Adult: Initially, 250 mg bid for 2 wk, followed by 500-1000 mg daily in divided doses. Max: 1000 mg daily. Adjust dose by monitoring plasma concentrations. Child: 10 mg/kg daily. Adjust doses according to blood concentrations and response.
Mild to moderate: Dose reduction may be needed. Severe: Contraindicated.
May be taken with or without food. May be taken after meals if GI discomfort occurs.
Hypersensitivity. Patient w/ epilepsy, depression, severe anxiety, psychosis, or in those who misuse alcohol. Severe renal impairment.
Patient w/ porphyria. Mild to moderate renal impairment. Pregnancy and lactation.
Drowsiness, somnolence, dizziness, headache, lethargy, depression, tremor, dysarthria, hyperreflexia, paraesthesia, nervousness, anxiety, vertigo, confusion, disorientation, loss of memory, paresis, major and minor clonic seizures, convulsions, coma; psychosis (possibly w/ suicidal tendencies), personality changes, hyperirritability, aggression; elevated serum aminotransferase levels, esp in patients w/ pre-existing liver disease. Rarely, hypersensitivity reactions including rash, and photosensitivity; cardiac arrhythmias and sudden CHF.
Monitor renal, hepatic, and hematological functions; plasma cycloserine concentrations.
Symptoms: Headache, vertigo, confusion, drowsiness, hyper-irritability, paraesthesias, dysarthria and psychosis; paresis, convulsions and coma often occur in larger doses. Management: Symptomatic and supportive treatment. Activated charcoal may be more effective than emesis or lavage in reducing absorption. May give 200-300 mg of pyridoxine HCl daily to treat and prevent neurotoxic events. Haemodialysis may remove the drug from the bloodstream but should only be used for life-threatening toxicity.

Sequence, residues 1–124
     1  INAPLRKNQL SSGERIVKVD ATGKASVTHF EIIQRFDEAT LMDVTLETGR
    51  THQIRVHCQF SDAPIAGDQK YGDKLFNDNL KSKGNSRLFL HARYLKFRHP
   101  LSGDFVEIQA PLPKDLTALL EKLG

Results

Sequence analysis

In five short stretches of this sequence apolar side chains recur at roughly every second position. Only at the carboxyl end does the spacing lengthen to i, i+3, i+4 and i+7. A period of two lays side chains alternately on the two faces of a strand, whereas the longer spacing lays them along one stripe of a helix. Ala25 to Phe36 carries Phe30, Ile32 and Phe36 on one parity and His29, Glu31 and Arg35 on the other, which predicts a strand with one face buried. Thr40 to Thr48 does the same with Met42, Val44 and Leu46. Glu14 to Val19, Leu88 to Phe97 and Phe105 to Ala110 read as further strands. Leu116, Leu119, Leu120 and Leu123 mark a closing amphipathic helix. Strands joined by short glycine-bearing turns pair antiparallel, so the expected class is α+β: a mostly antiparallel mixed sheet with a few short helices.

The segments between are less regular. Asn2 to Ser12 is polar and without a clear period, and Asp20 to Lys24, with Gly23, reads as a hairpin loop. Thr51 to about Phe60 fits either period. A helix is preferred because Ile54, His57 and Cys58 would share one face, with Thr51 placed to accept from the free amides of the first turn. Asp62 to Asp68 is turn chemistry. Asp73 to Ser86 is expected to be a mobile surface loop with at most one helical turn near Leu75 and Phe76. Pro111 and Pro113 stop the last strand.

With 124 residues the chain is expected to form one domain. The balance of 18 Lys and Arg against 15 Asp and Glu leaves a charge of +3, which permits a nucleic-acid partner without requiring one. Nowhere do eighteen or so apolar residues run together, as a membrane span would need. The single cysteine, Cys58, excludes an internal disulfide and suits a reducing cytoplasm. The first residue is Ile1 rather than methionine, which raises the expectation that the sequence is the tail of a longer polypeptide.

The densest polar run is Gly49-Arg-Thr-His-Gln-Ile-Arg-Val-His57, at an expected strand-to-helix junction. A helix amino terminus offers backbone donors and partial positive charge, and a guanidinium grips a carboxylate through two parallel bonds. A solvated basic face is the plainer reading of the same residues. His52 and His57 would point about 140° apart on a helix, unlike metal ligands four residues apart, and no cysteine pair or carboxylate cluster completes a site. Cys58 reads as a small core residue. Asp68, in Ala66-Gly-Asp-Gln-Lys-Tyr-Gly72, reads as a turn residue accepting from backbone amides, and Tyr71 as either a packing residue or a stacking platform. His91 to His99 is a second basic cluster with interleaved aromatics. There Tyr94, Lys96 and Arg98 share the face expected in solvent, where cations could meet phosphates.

Concomitant use w/ other anti-TB drugs may lead to vit B12 and/or folic acid deficiency, megaloblastic and sideroblastic anaemia. Increased incidence of CNS effects w/ ethionamide and isoniazid. May inhibit hepatic metabolism of phenytoin.
Alcohol increases risk of epileptic episodes.
Description: Cycloserine inhibits bacterial cell wall synthesis by competing w/ amino acid (D-alanine) for incorporation into the bacterial cell wall. It may be bacteriostatic or bactericidal. Pharmacokinetics: Absorption: Readily and almost completely absorbed from the GI tract. Time to peak plasma concentration: 3-4 hr. Distribution: Widely distributed into body tissues and fluids, including the CSF, placenta, and breast milk. Metabolism: Hepatic. Excretion: Via urine by glomerular filtration (as unchanged drug). Plasma half-life: Approx 10 hr.
Anon. Cycloserine. Lexicomp Online. Hudson, Ohio. Wolters Kluwer Clinical Drug Information, Inc. https://online.lexi.com. Accessed 18/08/2014.Buckingham R (ed). Cycloserine. Martindale: The Complete Drug Reference [online]. London. Pharmaceutical Press. https://www.medicinescomplete.com. Accessed 18/08/2014.McEvoy GK, Snow EK, Miller J et al (eds). Cycloserine. AHFS Drug Information (AHFS DI) [online]. American Society of Health-System Pharmacists (ASHP). https://www.medicinescomplete.com. Accessed 18/08/2014.Seromycin Capsule (Purdue GMP Center LLC dba The Chao Center). DailyMed. Source: U.S. National Library of Medicine. https://dailymed.nlm.nih.gov/dailymed/. Accessed 18/08/2014.